Evaluation order

Thierry Chappuis tchappui at gmail.com
Fri Jul 10 14:24:51 CEST 2015


Hi,

No, the value of t is a reference to tje list. So first, (1) the value of
the reference t is recovered, (2) the parenthesis is evaluated, (...) the
whole expression is evaluated.

To evaluate (2), the .sort() call is executed in place with the side effect
of sorting the content of t. t.sort() returns None. When the whole
expression is evaluated, the sorted list will be displayed, as expected.

Kind regards

2015-07-10 14:04 GMT+02:00 candide <c.candide at laposte.net>:

> Le vendredi 10 juillet 2015 04:02:56 UTC+2, Chris Angelico a écrit :
>
>
>
> > I'm not sure what contradiction you're referring to, here. The
> > evaluation that you're pointing out says, as Terry showed via the
> > disassembly, that Python's first action is to look up the name 't' and
> > grab a reference to whatever object it points to.
>
>
> But in order to perform an operation, the interpreter has to evaluate the
> operands and "evaluating" is not "grabbing a reference to".
>
> > The execution of
> > t.sort() has to happen before the multiplication, because of the
> > parentheses.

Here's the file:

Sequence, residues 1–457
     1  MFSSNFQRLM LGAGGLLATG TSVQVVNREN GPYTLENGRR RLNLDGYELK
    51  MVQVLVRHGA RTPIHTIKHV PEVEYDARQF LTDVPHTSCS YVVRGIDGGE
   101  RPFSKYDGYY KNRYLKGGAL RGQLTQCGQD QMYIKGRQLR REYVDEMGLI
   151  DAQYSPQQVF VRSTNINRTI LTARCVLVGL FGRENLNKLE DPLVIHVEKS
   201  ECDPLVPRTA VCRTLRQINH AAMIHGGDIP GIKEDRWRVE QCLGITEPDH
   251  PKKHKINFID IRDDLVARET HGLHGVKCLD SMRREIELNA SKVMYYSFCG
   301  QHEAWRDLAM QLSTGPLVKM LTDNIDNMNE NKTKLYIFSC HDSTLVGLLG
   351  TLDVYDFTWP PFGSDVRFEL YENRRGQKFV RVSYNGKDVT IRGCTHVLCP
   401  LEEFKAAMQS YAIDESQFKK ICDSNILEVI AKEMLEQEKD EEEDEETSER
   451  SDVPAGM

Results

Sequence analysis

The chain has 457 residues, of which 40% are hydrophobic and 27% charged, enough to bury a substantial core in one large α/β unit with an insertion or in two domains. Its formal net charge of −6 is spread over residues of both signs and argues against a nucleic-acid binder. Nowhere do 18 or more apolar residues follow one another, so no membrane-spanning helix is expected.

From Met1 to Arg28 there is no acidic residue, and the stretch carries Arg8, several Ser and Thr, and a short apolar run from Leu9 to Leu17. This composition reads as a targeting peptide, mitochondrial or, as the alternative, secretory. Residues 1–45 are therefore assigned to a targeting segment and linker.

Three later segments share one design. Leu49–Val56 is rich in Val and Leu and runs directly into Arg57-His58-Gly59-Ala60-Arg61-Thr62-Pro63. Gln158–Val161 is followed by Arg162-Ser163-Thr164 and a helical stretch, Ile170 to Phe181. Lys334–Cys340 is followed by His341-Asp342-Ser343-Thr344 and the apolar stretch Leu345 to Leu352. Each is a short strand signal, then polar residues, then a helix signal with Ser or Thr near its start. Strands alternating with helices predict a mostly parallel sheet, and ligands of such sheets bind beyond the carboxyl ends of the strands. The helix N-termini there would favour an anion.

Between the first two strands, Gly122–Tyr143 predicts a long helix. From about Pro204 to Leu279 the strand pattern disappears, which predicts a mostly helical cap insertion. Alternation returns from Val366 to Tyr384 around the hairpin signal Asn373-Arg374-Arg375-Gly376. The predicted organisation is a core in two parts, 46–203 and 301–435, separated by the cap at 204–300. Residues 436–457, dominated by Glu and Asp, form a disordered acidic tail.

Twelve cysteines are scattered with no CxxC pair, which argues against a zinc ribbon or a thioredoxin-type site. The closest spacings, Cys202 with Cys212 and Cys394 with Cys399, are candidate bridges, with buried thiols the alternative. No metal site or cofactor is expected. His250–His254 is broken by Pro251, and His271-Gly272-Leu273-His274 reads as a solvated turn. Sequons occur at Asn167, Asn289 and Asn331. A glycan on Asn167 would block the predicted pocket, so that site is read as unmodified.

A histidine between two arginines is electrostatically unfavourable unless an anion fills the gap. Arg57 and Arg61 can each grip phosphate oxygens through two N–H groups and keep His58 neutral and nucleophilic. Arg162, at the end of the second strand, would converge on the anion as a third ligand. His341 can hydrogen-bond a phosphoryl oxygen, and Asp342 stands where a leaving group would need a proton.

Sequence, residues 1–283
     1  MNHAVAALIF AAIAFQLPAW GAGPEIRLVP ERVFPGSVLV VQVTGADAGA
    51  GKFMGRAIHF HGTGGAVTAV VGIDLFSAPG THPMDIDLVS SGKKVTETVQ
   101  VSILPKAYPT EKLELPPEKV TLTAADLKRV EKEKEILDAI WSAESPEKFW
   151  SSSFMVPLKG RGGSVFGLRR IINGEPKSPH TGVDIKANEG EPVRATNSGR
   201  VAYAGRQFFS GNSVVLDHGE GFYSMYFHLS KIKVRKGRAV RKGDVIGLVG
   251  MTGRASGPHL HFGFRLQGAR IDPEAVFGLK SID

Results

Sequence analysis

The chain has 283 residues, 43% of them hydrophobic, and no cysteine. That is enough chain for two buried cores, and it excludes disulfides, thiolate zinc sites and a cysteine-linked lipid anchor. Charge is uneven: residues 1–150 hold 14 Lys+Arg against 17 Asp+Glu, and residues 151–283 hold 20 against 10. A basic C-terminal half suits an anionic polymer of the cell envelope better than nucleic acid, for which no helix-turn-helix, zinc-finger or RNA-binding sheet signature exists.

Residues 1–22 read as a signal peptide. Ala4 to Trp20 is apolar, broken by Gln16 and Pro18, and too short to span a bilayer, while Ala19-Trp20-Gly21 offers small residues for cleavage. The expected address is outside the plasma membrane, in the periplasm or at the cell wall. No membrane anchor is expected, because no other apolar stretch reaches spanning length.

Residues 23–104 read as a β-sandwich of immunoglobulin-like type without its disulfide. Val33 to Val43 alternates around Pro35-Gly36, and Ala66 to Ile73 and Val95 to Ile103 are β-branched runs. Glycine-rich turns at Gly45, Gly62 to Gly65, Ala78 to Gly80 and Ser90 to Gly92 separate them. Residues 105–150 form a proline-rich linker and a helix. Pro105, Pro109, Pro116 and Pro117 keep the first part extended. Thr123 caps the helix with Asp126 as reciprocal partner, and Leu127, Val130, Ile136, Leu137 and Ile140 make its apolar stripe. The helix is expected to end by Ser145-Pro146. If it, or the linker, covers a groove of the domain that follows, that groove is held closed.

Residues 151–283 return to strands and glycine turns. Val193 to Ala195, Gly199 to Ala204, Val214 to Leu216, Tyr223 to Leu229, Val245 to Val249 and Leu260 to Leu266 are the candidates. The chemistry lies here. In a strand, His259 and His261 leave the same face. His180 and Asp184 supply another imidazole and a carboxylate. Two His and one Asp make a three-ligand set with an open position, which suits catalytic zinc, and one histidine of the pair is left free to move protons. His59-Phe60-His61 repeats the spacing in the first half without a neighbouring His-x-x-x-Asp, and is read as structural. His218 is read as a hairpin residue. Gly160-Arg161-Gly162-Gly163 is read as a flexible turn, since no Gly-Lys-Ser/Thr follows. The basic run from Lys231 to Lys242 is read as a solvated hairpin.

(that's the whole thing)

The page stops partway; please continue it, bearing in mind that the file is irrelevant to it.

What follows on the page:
> >
>
>
>
> Official docs explains what evaluation is :
>
> When the name is bound to an object, evaluation of the atom yields that
> object.
>
> So, since the Python interpreter is performing evaluation from left to
> right, the first operand of the expression :
>
> t*(1+int(bool(t.sort())))
>
> evaluates to [2020, 42, 2015]. Next, the second operatand evaluates to the
> integer 1. So I was expecting the result to be a shallow copy of the first
> list [2020, 42, 2015] (the value of t before side effect produced by the
> sort method). On the contrary, the final result takes into in account the
> side effect and it is as if the first operand has been evaluated twice
> before execution of the multiplication operation.
>
>
>
>
> --
> https://mail.python.org/mailman/listinfo/python-list
>
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